Frazer Blog

Cultural Spotlight: Mali Dogon People Funeral Traditions

by | Aug 3, 2018 | Cultural Spotlight, For Families

hands in the air

Here in America and in most of Canada, we have funeral traditions that have stood the test of time for decades, even centuries.

But our traditions are vastly different from those in other countries and cultures.

This article looks at Mali Dogon people funeral traditions and is part of a series that highlights how different cultures care for their dead. Other parts of the series are about Moldovan funeral traditions and Laotian funeral traditions, among others.

Note, these traditions may vary depending on the individual and their own beliefs.

Mali Dogon People

The Mali Dogon people live in central Mali, located in western Africa. Their population is between 400,000 and 800,000 people. Traditionally, they had their own cultural religion. Today, most of the country of Mali practices Islam, with almost 95% of the population identifying as Muslim.

Rituals Following a Death

The Mali Dogon people have traditional funeral rituals and dances. Traditionally, they believed that the spirits could cause bad luck if they didn’t do the rituals. However, these traditions aren’t as common today and are often only done for tourists.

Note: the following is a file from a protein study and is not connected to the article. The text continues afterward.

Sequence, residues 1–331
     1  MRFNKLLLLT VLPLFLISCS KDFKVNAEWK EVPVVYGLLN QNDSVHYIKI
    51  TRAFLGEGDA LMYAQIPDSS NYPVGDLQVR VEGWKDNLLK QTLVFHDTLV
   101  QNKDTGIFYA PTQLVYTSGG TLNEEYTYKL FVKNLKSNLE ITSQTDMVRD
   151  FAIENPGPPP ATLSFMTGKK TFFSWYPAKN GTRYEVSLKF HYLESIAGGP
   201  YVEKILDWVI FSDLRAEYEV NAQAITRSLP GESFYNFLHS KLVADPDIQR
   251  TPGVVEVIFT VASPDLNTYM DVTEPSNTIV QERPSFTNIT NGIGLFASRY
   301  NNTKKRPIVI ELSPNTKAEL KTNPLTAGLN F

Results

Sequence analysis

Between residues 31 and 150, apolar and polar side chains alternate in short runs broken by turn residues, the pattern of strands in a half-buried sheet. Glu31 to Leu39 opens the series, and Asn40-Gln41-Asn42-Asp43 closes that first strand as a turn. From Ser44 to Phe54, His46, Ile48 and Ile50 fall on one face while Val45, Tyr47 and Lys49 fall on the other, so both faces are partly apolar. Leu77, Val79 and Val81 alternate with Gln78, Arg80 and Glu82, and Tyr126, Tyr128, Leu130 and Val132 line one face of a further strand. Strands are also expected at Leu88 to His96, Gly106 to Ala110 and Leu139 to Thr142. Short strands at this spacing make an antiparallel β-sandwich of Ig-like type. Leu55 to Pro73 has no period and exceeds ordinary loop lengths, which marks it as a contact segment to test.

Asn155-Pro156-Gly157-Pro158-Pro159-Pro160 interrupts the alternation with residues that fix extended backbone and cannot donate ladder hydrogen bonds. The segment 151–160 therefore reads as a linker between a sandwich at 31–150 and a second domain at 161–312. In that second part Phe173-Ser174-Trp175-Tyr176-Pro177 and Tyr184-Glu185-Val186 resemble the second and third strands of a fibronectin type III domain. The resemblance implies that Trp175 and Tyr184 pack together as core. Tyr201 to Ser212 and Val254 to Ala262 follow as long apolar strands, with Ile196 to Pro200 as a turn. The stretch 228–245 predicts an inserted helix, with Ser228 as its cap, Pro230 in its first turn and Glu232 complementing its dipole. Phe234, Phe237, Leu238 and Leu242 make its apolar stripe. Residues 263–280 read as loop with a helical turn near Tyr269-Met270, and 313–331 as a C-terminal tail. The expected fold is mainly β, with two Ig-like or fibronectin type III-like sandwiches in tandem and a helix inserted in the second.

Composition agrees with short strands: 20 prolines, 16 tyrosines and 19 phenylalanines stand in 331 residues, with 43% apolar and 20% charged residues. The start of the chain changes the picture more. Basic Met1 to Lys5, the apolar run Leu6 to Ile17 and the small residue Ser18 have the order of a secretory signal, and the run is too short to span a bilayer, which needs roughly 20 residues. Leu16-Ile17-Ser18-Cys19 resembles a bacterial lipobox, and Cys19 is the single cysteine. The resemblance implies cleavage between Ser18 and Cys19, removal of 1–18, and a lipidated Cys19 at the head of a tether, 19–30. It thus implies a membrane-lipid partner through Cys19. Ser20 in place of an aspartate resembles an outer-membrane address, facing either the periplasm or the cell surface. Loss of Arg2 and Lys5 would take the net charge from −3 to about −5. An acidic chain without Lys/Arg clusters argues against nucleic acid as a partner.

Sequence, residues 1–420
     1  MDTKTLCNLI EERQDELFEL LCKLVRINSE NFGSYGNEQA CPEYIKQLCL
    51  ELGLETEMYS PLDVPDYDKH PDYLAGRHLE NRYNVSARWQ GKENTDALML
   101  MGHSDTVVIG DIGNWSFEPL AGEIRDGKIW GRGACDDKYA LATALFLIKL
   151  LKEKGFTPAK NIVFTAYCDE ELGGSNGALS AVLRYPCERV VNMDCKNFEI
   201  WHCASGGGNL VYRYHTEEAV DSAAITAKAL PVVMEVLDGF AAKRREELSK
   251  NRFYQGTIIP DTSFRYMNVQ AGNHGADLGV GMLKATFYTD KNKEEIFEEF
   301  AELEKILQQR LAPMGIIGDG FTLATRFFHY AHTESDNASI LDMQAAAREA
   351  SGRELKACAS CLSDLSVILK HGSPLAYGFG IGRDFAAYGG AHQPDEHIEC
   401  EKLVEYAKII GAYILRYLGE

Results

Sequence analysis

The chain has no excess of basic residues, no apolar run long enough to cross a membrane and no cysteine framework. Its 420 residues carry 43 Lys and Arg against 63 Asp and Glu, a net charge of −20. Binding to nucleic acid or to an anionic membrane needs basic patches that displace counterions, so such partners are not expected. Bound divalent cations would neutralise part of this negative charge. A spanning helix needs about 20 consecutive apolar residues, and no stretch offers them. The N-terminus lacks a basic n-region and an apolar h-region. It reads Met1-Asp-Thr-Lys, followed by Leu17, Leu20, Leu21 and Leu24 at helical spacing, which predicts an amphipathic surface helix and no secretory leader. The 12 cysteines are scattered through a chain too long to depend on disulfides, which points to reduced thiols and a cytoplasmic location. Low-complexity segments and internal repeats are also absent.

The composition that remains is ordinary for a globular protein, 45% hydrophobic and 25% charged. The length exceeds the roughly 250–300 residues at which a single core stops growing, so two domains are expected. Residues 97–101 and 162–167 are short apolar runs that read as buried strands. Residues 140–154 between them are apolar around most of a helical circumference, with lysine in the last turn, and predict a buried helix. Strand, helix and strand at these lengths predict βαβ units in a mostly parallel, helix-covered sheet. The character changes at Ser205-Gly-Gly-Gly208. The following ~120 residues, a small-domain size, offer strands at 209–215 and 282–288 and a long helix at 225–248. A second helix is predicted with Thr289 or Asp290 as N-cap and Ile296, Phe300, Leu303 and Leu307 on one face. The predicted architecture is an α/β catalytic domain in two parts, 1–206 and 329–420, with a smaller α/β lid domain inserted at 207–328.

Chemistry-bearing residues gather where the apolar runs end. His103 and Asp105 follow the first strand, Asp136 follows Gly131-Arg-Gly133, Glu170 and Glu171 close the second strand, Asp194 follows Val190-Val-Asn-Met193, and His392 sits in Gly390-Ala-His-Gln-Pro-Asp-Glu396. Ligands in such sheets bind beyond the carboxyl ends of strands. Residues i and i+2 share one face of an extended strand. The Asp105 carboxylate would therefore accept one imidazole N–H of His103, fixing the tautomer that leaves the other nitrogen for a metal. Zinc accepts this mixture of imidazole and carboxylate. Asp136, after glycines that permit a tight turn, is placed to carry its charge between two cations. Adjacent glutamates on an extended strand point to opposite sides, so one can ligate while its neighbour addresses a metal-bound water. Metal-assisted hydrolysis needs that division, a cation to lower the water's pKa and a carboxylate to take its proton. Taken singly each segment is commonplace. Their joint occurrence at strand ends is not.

When someone passes away, they place the body in a shroud on the ritual stage. The village leader and another volunteer perform a mock battle with spears to ward off evil spirits and help the deceased’s soul get to the afterlife. They also may sacrifice animals such as cows before the ritual funeral dance.

Mali Dogon Funeral Dance

Traditionally, the Mali Dogon did multiple funeral dances, such as right after the death, for the funeral, and even several years after the death. Today, as mentioned earlier, it’s mainly performed for tourists visiting the area.

For the funeral dance, the dancers wear carved masks. The masks have more than sixty different meanings, including symbols for the worlds of the living and the dead. The designs vary from village to village. They secure the masks with their teeth to keep them on their face. If a woman is pregnant, they might not be able to touch the mask since the masks are associated with death.

While the dancers perform to the song’s beat, musicians also play drums, whistles, and other instruments. Depending on the song, people may sing or chant along and change their masks during the performance. Click here to see some photos from a funeral dance.


Submit a Comment

Your email address will not be published. Required fields are marked *

You may also like

Sign up for our newsletter and get tips, trends, news, and more sent directly to your inbox!

Frazer Consultants

Frazer Consultants

Pin It on Pinterest